Iga Swiatek: Her top-spin, a new high for women’s tennis


Written by Gaurav Bhatt

Updated: October 11, 2020 8:05:27 am

Iga Swiatek won the women’s final at the French Open on Saturday. (Twitter/RolandGarros)

On Saturday, Iga Swiatek became the ninth first-time women’s singles champion in the last 14 Grand Slams. Against Sophie Kenin in the French Open final, Swiatek showed what she has shown throughout the tournament: pure clay-court tennis. At 19, she is the youngest winner at Roland Garros since Rafael Nadal in 2005. And she has borrowed a couple of pages from her favourite tennis player’s playbook, namely tons of topspin and a lethal forehand.


The average RPM (revolutions per minute) Swiatek puts on her winners is in the mid-2400s, on par with men’s semifinalist Diego Schwartzman. She has averaged the highest topspin winners on the women’s side at close to 3200rpm. On Saturday, her peak RPM crossed into the Nadal territory at 3453; Kenin’s best effort was 2064.


The whippy motion works, but a lot of Swiatek’s topspin is generated from the grip.

She uses the extreme Western forehand grip, placing her palm under the racquet which allows her to brush up and over the ball, causing it to spin forward rapidly. The motion creates greater topspin with huge power. And Swiatek’s game is built around that topspin forehand. The net-clearance on her groundstrokes is high and the ball flies few feet over the net but still drops in because to the spin.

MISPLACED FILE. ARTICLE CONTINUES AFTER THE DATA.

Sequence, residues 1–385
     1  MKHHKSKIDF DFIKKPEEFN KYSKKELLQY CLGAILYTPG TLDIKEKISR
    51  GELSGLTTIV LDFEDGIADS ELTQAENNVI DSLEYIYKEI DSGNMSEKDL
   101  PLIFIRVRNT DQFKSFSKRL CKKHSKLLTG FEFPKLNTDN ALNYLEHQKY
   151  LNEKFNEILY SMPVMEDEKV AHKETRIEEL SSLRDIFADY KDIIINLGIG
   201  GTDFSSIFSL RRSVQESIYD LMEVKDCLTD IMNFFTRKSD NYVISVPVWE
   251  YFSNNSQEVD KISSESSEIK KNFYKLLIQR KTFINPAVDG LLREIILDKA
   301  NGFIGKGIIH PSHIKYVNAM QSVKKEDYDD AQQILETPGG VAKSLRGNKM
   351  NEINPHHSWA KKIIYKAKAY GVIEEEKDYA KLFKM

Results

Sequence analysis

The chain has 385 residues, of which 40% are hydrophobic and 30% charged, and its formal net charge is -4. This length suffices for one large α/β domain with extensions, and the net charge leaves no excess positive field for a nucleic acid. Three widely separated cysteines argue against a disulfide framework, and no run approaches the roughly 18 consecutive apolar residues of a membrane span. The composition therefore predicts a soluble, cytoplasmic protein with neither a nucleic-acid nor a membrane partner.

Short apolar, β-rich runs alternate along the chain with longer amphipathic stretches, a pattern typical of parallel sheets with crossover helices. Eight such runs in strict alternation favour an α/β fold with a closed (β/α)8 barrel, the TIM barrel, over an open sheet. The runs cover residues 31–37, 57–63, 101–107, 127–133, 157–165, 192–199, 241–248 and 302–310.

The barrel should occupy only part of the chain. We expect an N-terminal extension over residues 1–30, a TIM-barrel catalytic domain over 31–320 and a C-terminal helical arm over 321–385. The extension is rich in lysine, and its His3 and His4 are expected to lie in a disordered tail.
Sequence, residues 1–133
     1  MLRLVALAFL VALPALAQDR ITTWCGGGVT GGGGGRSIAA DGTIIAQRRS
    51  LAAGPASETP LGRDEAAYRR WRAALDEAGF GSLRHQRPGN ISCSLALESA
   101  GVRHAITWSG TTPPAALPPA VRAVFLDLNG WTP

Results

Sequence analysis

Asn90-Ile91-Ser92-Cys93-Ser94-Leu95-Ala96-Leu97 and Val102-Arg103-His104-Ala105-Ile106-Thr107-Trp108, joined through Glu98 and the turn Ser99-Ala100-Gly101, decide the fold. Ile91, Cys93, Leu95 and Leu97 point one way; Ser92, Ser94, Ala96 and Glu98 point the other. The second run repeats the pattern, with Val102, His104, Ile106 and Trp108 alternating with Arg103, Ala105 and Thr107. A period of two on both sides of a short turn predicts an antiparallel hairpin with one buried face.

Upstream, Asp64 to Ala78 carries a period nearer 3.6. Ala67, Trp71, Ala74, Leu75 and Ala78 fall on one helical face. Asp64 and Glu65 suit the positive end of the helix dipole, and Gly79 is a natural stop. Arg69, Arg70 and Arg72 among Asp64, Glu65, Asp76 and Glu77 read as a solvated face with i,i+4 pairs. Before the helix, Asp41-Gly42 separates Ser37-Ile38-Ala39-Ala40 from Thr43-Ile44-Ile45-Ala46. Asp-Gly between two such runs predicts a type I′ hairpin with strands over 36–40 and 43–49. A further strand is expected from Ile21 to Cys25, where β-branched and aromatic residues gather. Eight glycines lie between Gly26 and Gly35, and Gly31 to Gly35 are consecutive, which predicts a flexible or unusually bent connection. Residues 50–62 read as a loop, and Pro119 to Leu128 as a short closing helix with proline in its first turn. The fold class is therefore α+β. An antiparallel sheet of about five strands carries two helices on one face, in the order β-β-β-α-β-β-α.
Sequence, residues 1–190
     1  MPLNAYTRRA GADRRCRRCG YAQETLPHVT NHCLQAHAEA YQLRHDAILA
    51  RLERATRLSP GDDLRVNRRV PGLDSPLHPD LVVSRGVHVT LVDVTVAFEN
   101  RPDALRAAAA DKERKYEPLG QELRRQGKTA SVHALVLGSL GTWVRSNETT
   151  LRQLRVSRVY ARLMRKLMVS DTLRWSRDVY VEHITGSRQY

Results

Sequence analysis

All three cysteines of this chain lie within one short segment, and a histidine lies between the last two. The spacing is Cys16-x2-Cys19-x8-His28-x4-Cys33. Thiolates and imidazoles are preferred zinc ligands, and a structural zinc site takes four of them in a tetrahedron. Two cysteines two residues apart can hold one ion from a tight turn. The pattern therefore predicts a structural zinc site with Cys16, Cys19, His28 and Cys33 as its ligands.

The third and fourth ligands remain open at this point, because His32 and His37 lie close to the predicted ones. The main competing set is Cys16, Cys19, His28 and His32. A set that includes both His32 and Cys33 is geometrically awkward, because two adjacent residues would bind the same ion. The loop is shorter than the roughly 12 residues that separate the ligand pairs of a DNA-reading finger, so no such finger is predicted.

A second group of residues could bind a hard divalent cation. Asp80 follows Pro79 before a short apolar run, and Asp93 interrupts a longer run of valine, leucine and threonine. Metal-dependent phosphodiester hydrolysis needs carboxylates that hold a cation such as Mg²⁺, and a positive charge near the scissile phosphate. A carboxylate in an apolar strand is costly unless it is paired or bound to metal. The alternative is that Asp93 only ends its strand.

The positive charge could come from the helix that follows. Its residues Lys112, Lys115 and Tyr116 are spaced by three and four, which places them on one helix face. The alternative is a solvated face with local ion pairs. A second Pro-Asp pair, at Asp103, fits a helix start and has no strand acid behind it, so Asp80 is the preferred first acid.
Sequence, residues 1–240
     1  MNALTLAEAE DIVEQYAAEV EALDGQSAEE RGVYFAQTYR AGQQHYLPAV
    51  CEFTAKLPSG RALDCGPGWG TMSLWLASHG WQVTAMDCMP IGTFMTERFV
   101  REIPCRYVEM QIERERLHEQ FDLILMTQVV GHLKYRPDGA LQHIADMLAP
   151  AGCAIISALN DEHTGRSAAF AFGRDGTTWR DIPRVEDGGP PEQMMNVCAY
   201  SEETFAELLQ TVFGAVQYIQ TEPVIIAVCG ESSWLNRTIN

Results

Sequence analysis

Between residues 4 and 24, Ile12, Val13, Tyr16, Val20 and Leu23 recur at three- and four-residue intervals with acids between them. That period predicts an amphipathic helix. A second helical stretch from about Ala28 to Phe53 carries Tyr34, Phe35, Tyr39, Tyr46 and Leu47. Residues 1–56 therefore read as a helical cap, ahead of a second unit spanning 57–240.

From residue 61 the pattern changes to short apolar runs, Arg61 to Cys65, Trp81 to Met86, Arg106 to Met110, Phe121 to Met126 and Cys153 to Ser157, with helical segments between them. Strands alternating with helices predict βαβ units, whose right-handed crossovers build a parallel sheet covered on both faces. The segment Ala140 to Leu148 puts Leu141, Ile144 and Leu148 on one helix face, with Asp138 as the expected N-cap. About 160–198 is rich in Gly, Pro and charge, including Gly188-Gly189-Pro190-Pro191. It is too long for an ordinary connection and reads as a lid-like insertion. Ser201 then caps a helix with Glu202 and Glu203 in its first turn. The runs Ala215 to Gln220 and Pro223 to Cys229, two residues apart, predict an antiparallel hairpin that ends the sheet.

The heavy topspin means the ball jumps upon hitting the clay, even with heavier balls and colder conditions during this year’s French Open. And higher bounce means the ball is usually out of that ideal waist-high striking zone for groundstrokes. Kenin — who at 5’7 is two inches shorter than Swiatek — was forced to either step into the ball to catch it on the rise, or hang back to hit it while it dropped.


Swiatek uses the heavy-topspin strokes to exploit angles and create awkward trajectories, making her opponents run from side-to-side. And the longer the rallies go, the more effective the tactic is.


It’s an aggressive mix of speed and spin. Swiatek can drive and curl the spinning forehand down the line or cross-court with ease. And the speed on her average forehand this tournament was 118kph, higher than the women’s average of 111. To put that in perspective, the average speed on the men’s side has been 122kph.

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